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September 7, 2012

Overthinking It

Feasting on the East

by Ben Lindbergh

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On Wednesday night in Toronto, the Baltimore Orioles experienced the unfamiliar feeling of losing a baseball game. The O’s entered the evening tied for first place in the AL East, having gone 21-10 since the start of August, and having made up 10 games since July 18th on the other team atop the division, the New York Yankees.

With each victory and each game gained on the Yankees came another explanation of how a team that had been picked to finish fifth by most pre-season pundits could be winning despite being outscored by its opponents. Many observed that the Orioles were excelling in games decided by one run, often an indicator of a team outplaying its underlying performance. Some pointed out that an effective bullpen can help teams win tight games, while still others thought Baltimore’s bullpen success would prove as ephemeral as its one-run record. More than one wondered whether the O’s league-leading transaction total could be the secret to their success.

A charmed team like the Orioles never owes its success to a single factor, so it’s likely that all of the above played some role in the team’s 76-60 record. But the above might still be missing something: the Orioles are one of three AL East teams this season whose records don’t look like we thought they would. The O’s may have managed to exceed our expectations in part because two of their division rivals have disappointed.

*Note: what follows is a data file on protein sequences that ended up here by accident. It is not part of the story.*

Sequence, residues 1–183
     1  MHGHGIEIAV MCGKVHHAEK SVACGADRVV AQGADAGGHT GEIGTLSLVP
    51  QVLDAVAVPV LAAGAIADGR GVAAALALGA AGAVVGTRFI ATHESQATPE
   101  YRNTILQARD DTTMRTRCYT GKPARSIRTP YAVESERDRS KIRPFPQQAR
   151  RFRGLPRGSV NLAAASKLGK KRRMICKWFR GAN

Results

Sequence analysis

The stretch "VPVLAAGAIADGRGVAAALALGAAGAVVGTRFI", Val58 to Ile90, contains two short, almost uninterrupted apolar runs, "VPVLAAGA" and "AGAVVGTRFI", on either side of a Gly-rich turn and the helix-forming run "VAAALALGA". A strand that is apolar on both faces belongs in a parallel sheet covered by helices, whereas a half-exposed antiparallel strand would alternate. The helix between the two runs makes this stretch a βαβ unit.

For the past few seasons, the AL East has been by far baseball’s toughest place to play. The Yankees and Red Sox have spent more than any other team, while the Rays have spent smarter. The Blue Jays haven’t been in quite the same class, but they finished at or above .500 in 2010 and 2011 and could have contended in a different division. Thanks to the unbalanced schedule, which dictates that teams face each of their divisional opponents 18 times during the regular season, the Orioles have had to play more than 44 percent of their games against these four teams. No division would have been bad enough to make Baltimore look good, but the East made the O’s look even worse than they were.

From 2009-2011, the Orioles went 106-161 against the East, a .397 winning percentage. Against all other divisions over the same span, they went 93-126 (.425). That woeful performance against their most frequent opponents was punctuated by some embarrassing showings in the season series: 5-13 records against the Yankees in all three years, a 16-2 drubbing by Boston in 2009, and a 15-3 takedown by Toronto in 2010.

But it’s not just the results of those games against Eastern opponents that reveal the Orioles’ distinct disadvantage. We can see the same thing if we drill down and study the quality of their competition. In each season from 2009-2012, Orioles pitchers faced the most fearsome batters of any staff in baseball, as measured by all-in-one BP offensive statistic True Average. (A higher TAv means more difficult opponents.) It’s not surprising that Baltimore’s pitching had trouble keeping its opponents off the board.